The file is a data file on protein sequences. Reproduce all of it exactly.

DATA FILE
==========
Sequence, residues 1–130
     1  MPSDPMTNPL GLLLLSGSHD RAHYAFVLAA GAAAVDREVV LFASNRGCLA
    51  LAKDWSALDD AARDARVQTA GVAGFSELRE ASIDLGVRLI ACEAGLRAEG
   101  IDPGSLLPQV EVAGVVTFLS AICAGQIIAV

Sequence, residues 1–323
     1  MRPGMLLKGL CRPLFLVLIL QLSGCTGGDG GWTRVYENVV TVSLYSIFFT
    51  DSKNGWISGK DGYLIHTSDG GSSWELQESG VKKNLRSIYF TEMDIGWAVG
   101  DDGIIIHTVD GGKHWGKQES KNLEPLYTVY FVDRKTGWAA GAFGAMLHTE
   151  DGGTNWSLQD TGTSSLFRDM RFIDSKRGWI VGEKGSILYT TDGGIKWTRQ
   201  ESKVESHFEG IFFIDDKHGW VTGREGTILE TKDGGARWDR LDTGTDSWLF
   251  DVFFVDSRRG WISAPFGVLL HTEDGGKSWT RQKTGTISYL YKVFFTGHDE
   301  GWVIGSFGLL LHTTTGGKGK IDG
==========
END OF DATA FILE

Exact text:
Sequence, residues 1–130
     1  MPSDPMTNPL GLLLLSGSHD RAHYAFVLAA GAAAVDREVV LFASNRGCLA
    51  LAKDWSALDD AARDARVQTA GVAGFSELRE ASIDLGVRLI ACEAGLRAEG
   101  IDPGSLLPQV EVAGVVTFLS AICAGQIIAV

Sequence, residues 1–323
     1  MRPGMLLKGL CRPLFLVLIL QLSGCTGGDG GWTRVYENVV TVSLYSIFFT
    51  DSKNGWISGK DGYLIHTSDG GSSWELQESG VKKNLRSIYF TEMDIGWAVG
   101  DDGIIIHTVD GGKHWGKQES KNLEPLYTVY FVDRKTGWAA GAFGAMLHTE
   151  DGGTNWSLQD TGTSSLFRDM RFIDSKRGWI VGEKGSILYT TDGGIKWTRQ
   201  ESKVESHFEG IFFIDDKHGW VTGREGTILE TKDGGARWDR LDTGTDSWLF
   251  DVFFVDSRRG WISAPFGVLL HTEDGGKSWT RQKTGTISYL YKVFFTGHDE
   301  GWVIGSFGLL LHTTTGGKGK IDG